My heart was racing, because I had just made a fool of myself. On purpose.
I had just performed on an open mic comedy stage at a local bar. Some time during the last century, an alter ego of mine used to sing silly, provocative songs at places like this. I don’t even remember why I stopped, but here I was two children, a mortgage, and a daily commute later, when I became aware that the Mt. Kisco Tavern was hosting this mic less than a mile from my house. In my head, I hadn’t stepped in front of a microphone in 15 years, but based on the location, this may well have been a sign from God.
I led with my signature song, “I Don’t Wanna Go to Work” As usual, half the audience glared at me until they realized the other half was in stitches and then I had the whole crowd under my spell. My comedy songs had always gone over well.
But this time was different, because next, I tried telling some jokes. I’m not one to denigrate my own work, but here is an example: “Why would you let your children go to a place called a plague ground?” (get it? It’s a play on the word “playground”? …never mind.)
After the show, I spoke to a guy who produces these kinds of open mic shows at bars. I’m always in reverence of guys who didn’t leave their creative spark behind. Well, that’s not true, you never leave the spark behind, but I respect guys who never let the flame go down. I told him what I do for a living – produce business to business forums for senior executives – and he seemed impressed.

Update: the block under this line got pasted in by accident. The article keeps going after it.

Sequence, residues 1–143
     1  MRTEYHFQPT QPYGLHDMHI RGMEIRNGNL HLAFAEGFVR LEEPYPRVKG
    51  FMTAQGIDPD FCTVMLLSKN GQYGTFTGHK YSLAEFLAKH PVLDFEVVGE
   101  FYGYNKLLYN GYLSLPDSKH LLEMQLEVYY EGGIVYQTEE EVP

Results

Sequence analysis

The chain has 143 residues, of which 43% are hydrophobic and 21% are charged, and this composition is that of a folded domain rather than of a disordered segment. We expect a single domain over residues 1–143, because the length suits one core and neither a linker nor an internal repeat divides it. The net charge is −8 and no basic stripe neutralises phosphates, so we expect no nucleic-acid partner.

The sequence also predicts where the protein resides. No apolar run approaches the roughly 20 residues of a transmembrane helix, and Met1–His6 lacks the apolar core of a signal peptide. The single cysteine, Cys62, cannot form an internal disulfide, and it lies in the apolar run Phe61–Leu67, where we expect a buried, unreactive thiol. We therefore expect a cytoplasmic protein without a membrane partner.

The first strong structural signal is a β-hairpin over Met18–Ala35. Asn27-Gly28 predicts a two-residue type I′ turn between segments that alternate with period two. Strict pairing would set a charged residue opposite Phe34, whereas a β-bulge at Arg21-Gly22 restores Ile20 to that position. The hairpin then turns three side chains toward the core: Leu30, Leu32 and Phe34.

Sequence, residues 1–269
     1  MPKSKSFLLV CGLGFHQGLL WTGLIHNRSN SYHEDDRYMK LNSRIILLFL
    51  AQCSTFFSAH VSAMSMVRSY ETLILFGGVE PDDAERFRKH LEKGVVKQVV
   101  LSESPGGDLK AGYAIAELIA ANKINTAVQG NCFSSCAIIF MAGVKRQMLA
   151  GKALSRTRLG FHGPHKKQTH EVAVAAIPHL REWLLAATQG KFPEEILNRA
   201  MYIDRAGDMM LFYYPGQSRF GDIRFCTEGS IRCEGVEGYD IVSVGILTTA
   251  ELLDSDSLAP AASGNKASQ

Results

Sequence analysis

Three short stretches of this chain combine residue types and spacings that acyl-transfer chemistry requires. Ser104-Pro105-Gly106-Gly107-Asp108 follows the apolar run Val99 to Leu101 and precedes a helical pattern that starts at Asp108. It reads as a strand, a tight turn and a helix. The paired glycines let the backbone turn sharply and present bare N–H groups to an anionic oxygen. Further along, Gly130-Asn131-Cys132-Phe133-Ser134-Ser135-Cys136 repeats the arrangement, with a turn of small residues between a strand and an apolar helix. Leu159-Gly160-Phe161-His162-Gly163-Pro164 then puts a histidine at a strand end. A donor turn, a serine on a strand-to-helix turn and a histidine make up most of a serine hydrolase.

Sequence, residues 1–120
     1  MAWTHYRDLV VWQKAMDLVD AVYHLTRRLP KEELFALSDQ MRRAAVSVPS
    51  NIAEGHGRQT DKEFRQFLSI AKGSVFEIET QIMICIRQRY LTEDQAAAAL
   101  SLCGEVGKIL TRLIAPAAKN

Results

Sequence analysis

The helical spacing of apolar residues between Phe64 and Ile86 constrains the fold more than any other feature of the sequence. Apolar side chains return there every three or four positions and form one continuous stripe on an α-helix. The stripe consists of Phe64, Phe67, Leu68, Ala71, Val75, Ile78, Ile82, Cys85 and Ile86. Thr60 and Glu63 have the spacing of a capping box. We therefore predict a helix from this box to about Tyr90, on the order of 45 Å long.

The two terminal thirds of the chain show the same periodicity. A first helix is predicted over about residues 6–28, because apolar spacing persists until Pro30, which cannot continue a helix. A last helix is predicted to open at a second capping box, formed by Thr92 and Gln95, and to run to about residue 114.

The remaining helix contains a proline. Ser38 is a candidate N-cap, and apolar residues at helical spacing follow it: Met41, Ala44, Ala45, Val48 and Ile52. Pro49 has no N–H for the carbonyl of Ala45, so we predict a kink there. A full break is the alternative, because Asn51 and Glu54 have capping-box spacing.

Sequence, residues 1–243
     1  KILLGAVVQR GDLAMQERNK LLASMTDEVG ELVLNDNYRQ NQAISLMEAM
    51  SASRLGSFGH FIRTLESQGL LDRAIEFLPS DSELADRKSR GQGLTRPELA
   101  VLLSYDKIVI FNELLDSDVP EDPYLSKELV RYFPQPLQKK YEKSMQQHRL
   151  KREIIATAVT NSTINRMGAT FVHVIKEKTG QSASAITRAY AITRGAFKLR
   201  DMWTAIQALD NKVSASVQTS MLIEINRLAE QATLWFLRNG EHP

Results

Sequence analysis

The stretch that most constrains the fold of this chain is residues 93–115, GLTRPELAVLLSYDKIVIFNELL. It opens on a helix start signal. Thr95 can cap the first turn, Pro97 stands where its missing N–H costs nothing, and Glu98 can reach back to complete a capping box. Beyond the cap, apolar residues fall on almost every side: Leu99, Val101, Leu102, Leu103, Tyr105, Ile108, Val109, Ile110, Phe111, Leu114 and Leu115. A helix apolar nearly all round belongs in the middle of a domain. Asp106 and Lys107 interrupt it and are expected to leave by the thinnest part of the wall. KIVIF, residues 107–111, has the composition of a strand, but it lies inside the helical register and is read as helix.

This is all wrong, I thought. I’m just a working stiff! He’s the one who produces exciting events!
It wasn’t until later that night that it occurred to me that I was the one who was wrong – producing content driven events for a corporate audience of hundreds is actually the big time. And it was I, not he who did this for a living.
I had never thought of it that way before. The problem is, most people in the conference industry don’t. Our managers are usually focused on the next event’s balance sheet before the current one even runs. I’ve worked for people who seem annoyed that we’re traveling for the event instead of sitting in the office working on the next one.
Over the course of the following weeks, I read a few books on comedy as an art form. More than once, these books mentioned that a good job for a working comedian was to be a professional emcee. Again it occurred to me, I already was a corporate emcee.
Dipping my toe into stand up comedy gave me a new perspective on this odd career of conference producer. What else were we already doing that we hadn’t realized before?
This is why I wrote “Producing Success: The Only Career Guide for Conference Producers.” There is a lot of vitality to this role, but it really is up to us to find it. If you let yourself get buried by the numbers, the gossip, the office politics, and the uncertainty, you will burn out quickly. But if you learn to see the opportunities that lie behind all the noise, there is no telling where this career will lead you.
Producing Success: The Only Career Guide for Conference Producers is available on Amazon.com. Buy it now!